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Cast Off Your Candy Corn

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Around this time of year you see a windfall of writing pontificating on the relative merits and evils of candy corn. This is one of them. As the similarly ubiquitous but disgusting Peeps have survived -- even thrived -- by glomming onto one day on the calendar (Easter. Duh.) candy corn seems to justify its existence by its now de rigeur association with the beloved holiday of Halloween. Not that it isn't trying to broaden its portfolio. According to Wikipedia, "Indian corn," "reindeer corn," "cupid corn" and "bunny corn," distinguished largely by variations in color, are a thing and even now are extending candy corn's reign of terror throughout the year.

In its' take, USA Today postulates that that among the insidious "candy's" many sins is that it will not biodegrade. Not sure I buy that (corn syrup is nasty stuff, but not so nasty that it will not break down -- ask those ants in your driveway), but it does seem like a confection that we could safely source reduce without anyone getting too upset. In fairness, since it's generally packaged in bulk, candy corn is probably more environmentally friendly than its individually-wrapped, "fun size" brethren, but come on; who is handing out fistfuls of loose candy corn on Halloween? Crazy people, that's who. More often, the stuff sits in a bowl, untouched, and gets dumped in the trash just after the last jack-o-lantern is extinguished. We have made great progress as a society and have developed the ability to imbue our candy with, you know, FLAVOR, as opposed to the cloying, waxy (candy corn boasts actual wax as an ingredient) nondescript sweetness of candy corn. Expend those calories on a Reese's instead and call it a day.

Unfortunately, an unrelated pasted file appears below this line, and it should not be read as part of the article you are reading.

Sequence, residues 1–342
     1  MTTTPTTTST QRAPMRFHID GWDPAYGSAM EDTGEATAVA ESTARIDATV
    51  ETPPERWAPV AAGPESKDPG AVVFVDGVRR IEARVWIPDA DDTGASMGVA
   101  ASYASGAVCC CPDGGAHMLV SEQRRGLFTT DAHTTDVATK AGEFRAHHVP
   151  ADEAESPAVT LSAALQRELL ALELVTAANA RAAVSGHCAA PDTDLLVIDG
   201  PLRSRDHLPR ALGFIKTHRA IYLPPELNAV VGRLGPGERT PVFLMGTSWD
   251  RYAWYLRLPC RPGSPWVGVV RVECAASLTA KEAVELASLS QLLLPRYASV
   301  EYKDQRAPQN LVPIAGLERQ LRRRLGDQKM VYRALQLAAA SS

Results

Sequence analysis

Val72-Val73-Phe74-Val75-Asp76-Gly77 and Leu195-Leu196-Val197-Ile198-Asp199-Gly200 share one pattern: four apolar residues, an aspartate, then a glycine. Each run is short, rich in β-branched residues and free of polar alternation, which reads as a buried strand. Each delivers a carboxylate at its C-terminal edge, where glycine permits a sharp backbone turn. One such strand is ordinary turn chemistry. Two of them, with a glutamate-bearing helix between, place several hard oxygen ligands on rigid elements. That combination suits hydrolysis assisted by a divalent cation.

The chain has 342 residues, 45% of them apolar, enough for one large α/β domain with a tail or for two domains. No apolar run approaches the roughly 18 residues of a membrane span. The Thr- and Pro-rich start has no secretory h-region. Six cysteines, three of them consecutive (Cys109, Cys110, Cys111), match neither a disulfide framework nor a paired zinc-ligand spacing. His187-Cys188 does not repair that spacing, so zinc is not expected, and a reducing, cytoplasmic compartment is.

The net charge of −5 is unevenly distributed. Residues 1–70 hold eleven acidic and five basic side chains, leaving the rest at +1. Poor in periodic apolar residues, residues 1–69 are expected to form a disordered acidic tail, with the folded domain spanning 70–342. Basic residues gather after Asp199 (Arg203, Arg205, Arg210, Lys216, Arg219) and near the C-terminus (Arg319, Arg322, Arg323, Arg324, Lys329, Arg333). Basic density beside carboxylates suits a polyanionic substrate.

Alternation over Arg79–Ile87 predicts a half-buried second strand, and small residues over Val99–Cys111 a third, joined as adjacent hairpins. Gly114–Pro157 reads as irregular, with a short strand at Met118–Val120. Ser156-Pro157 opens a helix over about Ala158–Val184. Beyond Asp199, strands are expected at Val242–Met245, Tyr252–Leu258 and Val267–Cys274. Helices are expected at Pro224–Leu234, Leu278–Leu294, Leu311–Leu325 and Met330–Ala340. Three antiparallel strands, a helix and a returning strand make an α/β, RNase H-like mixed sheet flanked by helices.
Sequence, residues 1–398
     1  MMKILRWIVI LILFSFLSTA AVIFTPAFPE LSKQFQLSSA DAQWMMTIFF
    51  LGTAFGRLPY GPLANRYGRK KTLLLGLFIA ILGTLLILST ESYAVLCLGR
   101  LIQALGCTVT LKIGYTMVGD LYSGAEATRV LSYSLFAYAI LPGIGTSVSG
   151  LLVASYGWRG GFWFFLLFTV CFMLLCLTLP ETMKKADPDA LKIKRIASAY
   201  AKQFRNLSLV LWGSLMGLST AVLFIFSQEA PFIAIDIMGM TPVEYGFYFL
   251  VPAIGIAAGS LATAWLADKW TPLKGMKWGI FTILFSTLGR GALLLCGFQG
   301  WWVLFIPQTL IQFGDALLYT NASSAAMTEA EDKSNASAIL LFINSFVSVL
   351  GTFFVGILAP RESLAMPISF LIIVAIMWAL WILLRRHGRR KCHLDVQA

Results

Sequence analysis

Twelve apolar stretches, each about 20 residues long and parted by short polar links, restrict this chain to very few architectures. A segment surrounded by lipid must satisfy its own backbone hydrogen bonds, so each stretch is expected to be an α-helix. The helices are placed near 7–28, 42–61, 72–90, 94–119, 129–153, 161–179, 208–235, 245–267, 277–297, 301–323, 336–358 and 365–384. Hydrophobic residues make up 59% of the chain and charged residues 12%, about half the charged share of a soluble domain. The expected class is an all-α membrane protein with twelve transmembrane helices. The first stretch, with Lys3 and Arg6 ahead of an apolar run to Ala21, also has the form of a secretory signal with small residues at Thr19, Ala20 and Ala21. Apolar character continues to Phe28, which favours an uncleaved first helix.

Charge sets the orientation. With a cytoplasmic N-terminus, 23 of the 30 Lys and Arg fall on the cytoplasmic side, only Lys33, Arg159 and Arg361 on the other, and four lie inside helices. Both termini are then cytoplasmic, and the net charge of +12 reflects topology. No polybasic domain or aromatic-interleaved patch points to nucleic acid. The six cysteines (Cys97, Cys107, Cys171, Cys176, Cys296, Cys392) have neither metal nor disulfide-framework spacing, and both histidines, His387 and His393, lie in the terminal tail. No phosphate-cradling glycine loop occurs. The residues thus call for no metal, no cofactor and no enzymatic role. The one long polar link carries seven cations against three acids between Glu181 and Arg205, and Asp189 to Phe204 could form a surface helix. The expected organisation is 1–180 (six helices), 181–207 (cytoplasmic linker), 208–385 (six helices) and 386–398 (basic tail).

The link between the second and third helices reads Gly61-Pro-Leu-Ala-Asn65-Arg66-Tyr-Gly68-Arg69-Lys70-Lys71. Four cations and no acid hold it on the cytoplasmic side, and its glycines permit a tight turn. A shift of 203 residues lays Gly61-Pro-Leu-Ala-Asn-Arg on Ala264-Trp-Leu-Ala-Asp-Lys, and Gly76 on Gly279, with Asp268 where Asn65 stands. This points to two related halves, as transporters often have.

Have your own (no doubt better) ideas for making Halloween more sustainable? Post it in the thread in our forum.

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What's The Heap?

The Heap is a blog featuring waste industry news and analysis written by the staff of Waste360 and guest commentators.

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Allan Gerlat

Allan Gerlat joined the Waste360 staff in September 2011 as news editor. He was the editor of Waste & Recycling News for the first 16 years of its history, and under his guidance the...

David Bodamer

David Bodamer is the Executive Director, Content User & Engagement for Waste360.com and NREIonline.com.     
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